In addition to everything else going on this time of year, September also traditionally marks the start of the school year. As either you or your kids head back to class, let’s use this week’s Roundtable to reflect on some of our favorite movies about school or teachers.
Hmmm… favorite movie about school. Gosh, that’s a tough one. If you asked my wife, she’d say ‘Stand and Deliver’. I, on the other hand, started hemming and hawing about ‘Donnie Darko’ and ‘Dazed and Confused’, but I think I’m going to have to go with ‘Heathers‘. Dark humor at its best, and Christian Slater and Winona Ryder in top ’80s form. Love it.
One of my favorite movies about high school also happens to be one of the greatest documentaries of all time. ‘Hoop Dreams‘ is about two high school basketball players who have dreams to get to the NBA. Student athletes William Gates and Arthur Agee are profiled here. These two African American kids are recruited to go to the predominantly white St. Joseph High School in Illinois. Basketball is only a backdrop to present real, prominent issues in our society. Everything from racial divides to socioeconomic problems are raised during the movie. This is one of my favorite high school-centric movies, and continues to be one of the absolute best documentaries out there.
M. Enois Duarte
I’m going to try to be a bit different with my selection by avoiding the usual suspects – and I think we all know which ones those are. A long-time favorite of mine is probably also one my most embarrassing guilty pleasures: ‘Just One of the Guys‘. Speaking objectively, it’s a rather badly-made movie, but there’s something about it that I just love. I can watch it repeatedly without ever being bored. No, it’s not because of the final reveal where Joyce Hyser comes clean with her little experiment. Although, as a guy, that is a pretty spectacular conclusion to a fun high school flick. The movie also features William Zabka being his usual jerk self and marks the time I developed a crazy fan-crush for Sherilyn Fenn, before seeing her again in ‘Twin Peaks’. What I actually enjoy about the mostly-forgotten movie is how it breaks down and has fun with the social hierarchies of high school life. It’s not accurate and is mostly exaggerated, but that’s part of the humor. I like it and I’ve enjoyed it ever since I first saw it.
Ive always had a soft spot for ‘School Ties‘, even though my love of Brendan Fraser has diminished to pure hate. Dealing with social and racial issues, ‘School Ties’ starts off light, and then shifts to the heavy side. The film also co-stars best buddies Matt Damon and Ben Affleck before anyone knew who they were. As no-names, how in the world did they get these roles together?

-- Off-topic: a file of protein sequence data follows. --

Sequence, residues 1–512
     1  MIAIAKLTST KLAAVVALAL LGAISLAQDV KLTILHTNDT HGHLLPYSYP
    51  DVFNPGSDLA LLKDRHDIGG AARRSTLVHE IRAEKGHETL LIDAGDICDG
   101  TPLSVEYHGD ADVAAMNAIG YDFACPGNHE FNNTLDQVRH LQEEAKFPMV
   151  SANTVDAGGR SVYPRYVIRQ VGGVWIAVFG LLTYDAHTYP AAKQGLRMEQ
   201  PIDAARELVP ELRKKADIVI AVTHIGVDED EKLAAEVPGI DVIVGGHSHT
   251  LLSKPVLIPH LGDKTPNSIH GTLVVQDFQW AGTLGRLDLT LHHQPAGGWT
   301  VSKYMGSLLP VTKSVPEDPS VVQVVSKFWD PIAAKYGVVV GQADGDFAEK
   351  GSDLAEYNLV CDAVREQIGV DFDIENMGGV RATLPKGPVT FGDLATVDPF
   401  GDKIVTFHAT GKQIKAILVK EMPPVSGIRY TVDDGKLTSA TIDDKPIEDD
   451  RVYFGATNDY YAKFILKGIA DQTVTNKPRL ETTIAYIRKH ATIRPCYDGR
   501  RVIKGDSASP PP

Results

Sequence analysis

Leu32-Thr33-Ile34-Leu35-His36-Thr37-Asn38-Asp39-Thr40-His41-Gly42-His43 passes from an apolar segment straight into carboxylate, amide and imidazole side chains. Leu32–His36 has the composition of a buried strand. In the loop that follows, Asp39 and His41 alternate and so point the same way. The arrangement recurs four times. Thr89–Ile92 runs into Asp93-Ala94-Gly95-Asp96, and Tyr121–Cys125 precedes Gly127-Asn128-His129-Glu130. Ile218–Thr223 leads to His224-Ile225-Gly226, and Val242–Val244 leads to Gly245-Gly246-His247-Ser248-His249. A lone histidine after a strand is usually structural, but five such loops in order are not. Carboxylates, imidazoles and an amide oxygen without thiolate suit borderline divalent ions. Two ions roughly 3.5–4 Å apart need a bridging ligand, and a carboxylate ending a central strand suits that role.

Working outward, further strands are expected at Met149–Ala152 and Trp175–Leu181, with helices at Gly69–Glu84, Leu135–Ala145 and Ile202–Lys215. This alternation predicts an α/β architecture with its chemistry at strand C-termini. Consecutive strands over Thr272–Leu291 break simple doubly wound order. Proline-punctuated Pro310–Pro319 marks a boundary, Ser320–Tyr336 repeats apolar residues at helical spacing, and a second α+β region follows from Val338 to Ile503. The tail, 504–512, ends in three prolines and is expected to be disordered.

Adam Tyner (DVDTalk)
Since there’s such a woeful lack of flesh-eating zombies in this back-to-school Roundtable, I’m going to go with ‘Dance of the Dead‘. It’s the heart-warming… errr, gut-munching tale of a particularly eventful day in some sleepy little town in Georgia. 1) It’s prom night! 2) The dead rise from their graves and start chomping on everyone in sight. The legions of zombies make a beeline for the local high school since the big dance makes for an irresistible all-you-can-eat buffet. Pretty much the only people left to fend off the undead are the nerds and outcasts who couldn’t get a date for the prom in the first place. Horror-comedies have a nasty habit of not being all that scary and not being all that funny, but ‘Dance of the Dead’ is a blast. Sopping with splatter, howlingly (and intentionally!) funny, and screaming ahead at a manic pace, it’s up there with ‘Shaun of the Dead’, ‘Evil Dead 2’, and ‘Return of the Living Dead’ as one of the only flicks that can pull off the whole horror-comedy thing. It’s everything I want in a movie set in high school: pretty girls, barrel drums of blood, and flesh-eating ghouls.
I think that I made a mistake when I sent out the staff instructions for this week’s Roundtable. I said that I’d prefer it if not everyone picked ‘Dead Poets Society‘, which I assumed would be most people’s first thought. As a result, it appears that everyone believed I was saying that I didn’t want anyone to pick ‘Dead Poets Society’. That wasn’t my intention, but that’s how it worked out. I guess that leaves it to me to go with perhaps the most obvious choice for this topic.
While there have been countless “inspirational teacher” movies over the decades, Peter Weir’s 1989 boarding school drama remains the gold standard for the genre. As I recall, one of my film school professors back in the day argued vehemently that Robin Williams’ character was a fascist. I guess I can see where that interpretation comes from, even if I don’t really agree with it. Regardless, the movie captures the emotional truth of the teenage years in a very direct and honest way.
Honorable mentions to ‘Animal House’, ‘Fast Times at Ridgemont High’ and ‘The Breakfast Club’. Also, in case anyone is wondering, the banner image photo above this post comes from ‘The 400 Blows‘.